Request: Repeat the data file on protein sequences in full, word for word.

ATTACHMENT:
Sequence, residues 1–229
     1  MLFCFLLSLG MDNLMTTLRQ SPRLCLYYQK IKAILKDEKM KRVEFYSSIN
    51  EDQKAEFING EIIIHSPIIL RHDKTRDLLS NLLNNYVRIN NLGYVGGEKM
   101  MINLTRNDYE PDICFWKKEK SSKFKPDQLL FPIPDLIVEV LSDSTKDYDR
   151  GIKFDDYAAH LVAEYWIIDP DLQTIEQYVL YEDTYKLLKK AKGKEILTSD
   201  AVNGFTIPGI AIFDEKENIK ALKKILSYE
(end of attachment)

Sequence, residues 1–229
     1  MLFCFLLSLG MDNLMTTLRQ SPRLCLYYQK IKAILKDEKM KRVEFYSSIN
    51  EDQKAEFING EIIIHSPIIL RHDKTRDLLS NLLNNYVRIN NLGYVGGEKM
   101  MINLTRNDYE PDICFWKKEK SSKFKPDQLL FPIPDLIVEV LSDSTKDYDR
   151  GIKFDDYAAH LVAEYWIIDP DLQTIEQYVL YEDTYKLLKK AKGKEILTSD
   201  AVNGFTIPGI AIFDEKENIK ALKKILSYE